We are not trying anymore. For ten years, my body has been trying to create a miracle. When we first started, we were decidedly not trying. We avoided the zeal of a young couple wanting to enjoy each other and our new life together. All we had was time. After the surprise of our lives ended in our first loss, the fear crept in, and we silently started to live in, “if it happens, it will be ok.” It didn’t happen. So we worked for our family. Please make no mistake; it was work. Anyone that has dealt with infertility and pregnancy loss will tell you that trying… isn’t fun. My third (and final) child is rocking in her swing next to me right now, an actual real-life miracle, and the “baby” stage ends with her; no more newborn cuddles, and I can’t be sad. I can’t mourn the end of this stage of our lives because it has, quite frankly, sucked.
My family is complete. Many of my friends have shared their contentment and joy at this point in their lives; the last child in diapers and the last few years of sleep-deprivation. For others, there’s a profound feeling of “what-ifs.” What if we try just one more time? What if he had lived? What if we try this doctor I heard about? My feelings are wrapped up in grief. In exhaustion for the toll it took on my marriage. In so much fear that the thought of ever having to take another pregnancy test makes me physically ill.
There’s a plastic tote in my bathroom closet that has been my constant companion through all of this and, no matter how many times I think to pass it on to some other woman wishing and hoping, I have this odd feeling of attachment. I have been monitoring my fertility and cycles for years; it’s a morning ritual only paused while I’ve been actively pregnant or waiting for it to return following pregnancy. There’s a folder in my bedside table that has been a diary of my cycles, my pregnancies, and my losses. Every journey towards each of my children marked with doctors, charts, injections, and medical interventions became second nature to me. I don’t feel any nostalgia at purging maternity clothes, but I’m not ready to let go of my fertility monitor.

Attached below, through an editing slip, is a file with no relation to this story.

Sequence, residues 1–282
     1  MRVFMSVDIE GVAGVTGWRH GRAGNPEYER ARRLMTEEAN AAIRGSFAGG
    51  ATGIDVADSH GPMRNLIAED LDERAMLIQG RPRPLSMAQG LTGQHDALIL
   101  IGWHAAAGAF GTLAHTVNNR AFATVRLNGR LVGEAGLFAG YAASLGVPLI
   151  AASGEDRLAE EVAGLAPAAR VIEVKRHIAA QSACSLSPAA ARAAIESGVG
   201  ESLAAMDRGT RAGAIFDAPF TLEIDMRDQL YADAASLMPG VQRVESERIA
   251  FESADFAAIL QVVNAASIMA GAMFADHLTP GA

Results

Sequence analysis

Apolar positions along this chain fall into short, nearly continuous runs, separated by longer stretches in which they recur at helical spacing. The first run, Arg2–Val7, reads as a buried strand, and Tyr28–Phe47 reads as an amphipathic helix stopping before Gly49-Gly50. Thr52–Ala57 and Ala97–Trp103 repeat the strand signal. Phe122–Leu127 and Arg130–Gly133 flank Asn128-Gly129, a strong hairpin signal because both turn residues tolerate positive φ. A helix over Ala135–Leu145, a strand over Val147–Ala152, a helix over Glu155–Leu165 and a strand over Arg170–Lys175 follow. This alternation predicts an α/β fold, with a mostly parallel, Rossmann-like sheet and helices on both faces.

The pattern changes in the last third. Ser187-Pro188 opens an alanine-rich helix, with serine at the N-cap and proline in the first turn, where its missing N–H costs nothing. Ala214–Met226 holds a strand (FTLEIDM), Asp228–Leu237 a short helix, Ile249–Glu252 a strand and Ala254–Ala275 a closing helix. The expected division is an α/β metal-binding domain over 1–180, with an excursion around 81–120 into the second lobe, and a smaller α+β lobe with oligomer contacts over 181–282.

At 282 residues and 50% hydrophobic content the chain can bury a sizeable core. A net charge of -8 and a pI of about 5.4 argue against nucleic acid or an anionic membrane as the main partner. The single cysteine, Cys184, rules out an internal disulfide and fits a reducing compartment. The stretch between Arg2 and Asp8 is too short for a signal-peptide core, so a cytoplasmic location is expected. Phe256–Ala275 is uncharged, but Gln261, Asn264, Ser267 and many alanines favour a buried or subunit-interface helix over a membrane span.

There was no question between my husband and me about being done. I drove him to his vasectomy with a newborn in the backseat and didn’t feel anything. Even my midwife expressed relief that we were done. I have moments when I wonder how our choices would have changed if we had had a choice. People comment about how “lucky” we are to have such an age gap between each of our three children, and all I can think of is the babies that we said goodbye to in between each of them. There is profound relief mixed in with our sadness that goes deeper than excitement for the next stage. I sometimes feel robbed of treasuring these “lasts” because of my complicated feelings about pregnancy and childbirth. My frustration and resentment clouds these experiences, and I struggle to find grace for myself.
It’s been four months now. I’m only just now appreciating how utterly exhausting the last ten years has been. Physically and emotionally, always working towards a baby. I wonder how my marriage will change and how we even go about leaving the past in the past. The energy we have both expended may quietly absorb into our new normal, raising our children and surviving everyday life as a family of five. I imagine, just like anything, that this part of our lives will one day not feel so fresh, so painful; I do know that has irrevocably changed me. So goodbye to pregnancy and goodbye to trying.